Gender in the Job Interview

Career Advice | Job interviews |Women in the workplace

by Robin Mamlet | February 21, 2017

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Tim Foley for The Chronicle

 

As women move up the leadership ranks in higher education, they find fewer and fewer female peers. That’s been fairly well documented by the American Council on Education and other sources, and is no surprise to those of us in the executive-search industry.

Why that’s the case is a topic fraught with complexity. There is the matter of stepping up and Leaning In to be sure, but there is also sexism — sometimes the overt kind and sometimes the subtle kind that occurs all along the leadership trajectory and affects who is mentored, who is labeled “leadership material,” and who gets the kind of opportunities and assignments that lead most directly to advancement.

Of the many factors that limit women’s advancement, two are things we ought to be able to resolve: how candidates present themselves in job interviews and how search committees interpret those interviews. Read more…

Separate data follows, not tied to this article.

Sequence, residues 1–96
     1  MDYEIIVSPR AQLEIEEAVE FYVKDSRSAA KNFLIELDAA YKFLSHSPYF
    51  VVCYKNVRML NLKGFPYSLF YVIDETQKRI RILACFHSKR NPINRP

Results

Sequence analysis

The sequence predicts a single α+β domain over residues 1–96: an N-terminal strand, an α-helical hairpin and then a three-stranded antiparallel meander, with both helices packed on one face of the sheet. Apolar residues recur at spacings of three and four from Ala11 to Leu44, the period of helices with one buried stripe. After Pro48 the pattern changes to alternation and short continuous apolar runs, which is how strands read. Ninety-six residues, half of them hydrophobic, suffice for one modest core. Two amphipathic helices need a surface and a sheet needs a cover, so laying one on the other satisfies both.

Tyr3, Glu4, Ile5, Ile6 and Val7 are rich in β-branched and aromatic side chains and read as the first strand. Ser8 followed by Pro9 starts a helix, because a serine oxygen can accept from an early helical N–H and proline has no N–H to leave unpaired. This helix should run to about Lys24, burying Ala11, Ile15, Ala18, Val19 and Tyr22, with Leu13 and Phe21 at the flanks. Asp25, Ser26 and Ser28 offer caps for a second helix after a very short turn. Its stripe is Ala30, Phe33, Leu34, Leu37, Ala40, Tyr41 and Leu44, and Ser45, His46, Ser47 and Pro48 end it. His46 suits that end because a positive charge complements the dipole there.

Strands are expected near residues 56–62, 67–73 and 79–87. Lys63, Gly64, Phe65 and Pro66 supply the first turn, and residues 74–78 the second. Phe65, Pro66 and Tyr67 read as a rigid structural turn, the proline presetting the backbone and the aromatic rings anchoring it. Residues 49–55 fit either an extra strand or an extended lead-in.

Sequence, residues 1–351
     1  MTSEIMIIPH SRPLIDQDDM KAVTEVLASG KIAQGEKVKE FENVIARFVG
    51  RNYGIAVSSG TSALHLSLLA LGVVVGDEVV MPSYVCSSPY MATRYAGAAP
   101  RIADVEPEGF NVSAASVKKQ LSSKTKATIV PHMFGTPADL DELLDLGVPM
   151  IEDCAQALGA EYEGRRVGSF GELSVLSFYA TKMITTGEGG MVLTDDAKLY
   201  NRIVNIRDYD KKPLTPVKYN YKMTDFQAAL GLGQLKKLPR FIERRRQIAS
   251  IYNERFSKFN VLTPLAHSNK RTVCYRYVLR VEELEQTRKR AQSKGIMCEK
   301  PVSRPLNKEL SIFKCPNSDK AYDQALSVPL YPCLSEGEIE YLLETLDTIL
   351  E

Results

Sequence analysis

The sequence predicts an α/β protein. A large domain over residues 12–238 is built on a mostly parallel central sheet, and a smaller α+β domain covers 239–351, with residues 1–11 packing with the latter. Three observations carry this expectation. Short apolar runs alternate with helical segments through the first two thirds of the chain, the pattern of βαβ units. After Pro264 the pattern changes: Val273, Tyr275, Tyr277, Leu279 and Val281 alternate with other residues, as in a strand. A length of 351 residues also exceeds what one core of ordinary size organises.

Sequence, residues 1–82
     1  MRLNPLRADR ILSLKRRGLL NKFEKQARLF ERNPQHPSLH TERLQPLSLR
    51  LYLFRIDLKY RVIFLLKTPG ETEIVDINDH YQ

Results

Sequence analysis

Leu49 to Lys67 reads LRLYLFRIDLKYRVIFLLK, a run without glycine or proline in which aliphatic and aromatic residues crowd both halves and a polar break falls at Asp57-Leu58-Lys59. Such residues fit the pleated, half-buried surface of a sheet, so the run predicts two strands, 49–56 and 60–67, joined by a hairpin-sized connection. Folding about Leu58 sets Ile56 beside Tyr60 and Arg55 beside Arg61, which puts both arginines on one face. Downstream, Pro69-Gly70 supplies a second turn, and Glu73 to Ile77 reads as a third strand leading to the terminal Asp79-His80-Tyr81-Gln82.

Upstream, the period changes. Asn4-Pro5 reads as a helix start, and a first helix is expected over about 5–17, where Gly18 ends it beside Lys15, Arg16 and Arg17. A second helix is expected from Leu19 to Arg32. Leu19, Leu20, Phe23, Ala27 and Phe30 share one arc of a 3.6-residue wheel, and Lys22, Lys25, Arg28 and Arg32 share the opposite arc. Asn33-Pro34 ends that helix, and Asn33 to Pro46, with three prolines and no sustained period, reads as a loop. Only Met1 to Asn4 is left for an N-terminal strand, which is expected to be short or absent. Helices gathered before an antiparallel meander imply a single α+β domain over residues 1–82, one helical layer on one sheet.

Master Confrontation

Leadership & Management Career Coach, Introvert Whisperer

If you’re a leader or intend to be, you will have to do things to step out of your comfort zone. It’s part of the job.

Confronting peers, subordinates and even the boss (at times) when results aren’t matching plan expectations must take place to steer things back to where they need to be. If you avoid it, you are knowingly allowing the business to drive over the metaphorical cliff. It’s a poor business practice.

Granted confrontation feels so uncomfortable that the majority of people avoid it altogether. Of course, we know stories of the ugly side of confrontation when a leader has allowed the situation to fester to an ugly, emotional rampage. Even though this type of tirade may make the point for course correction, it’s damaging and dysfunctional. No one wins.

What’s the solution? Read more…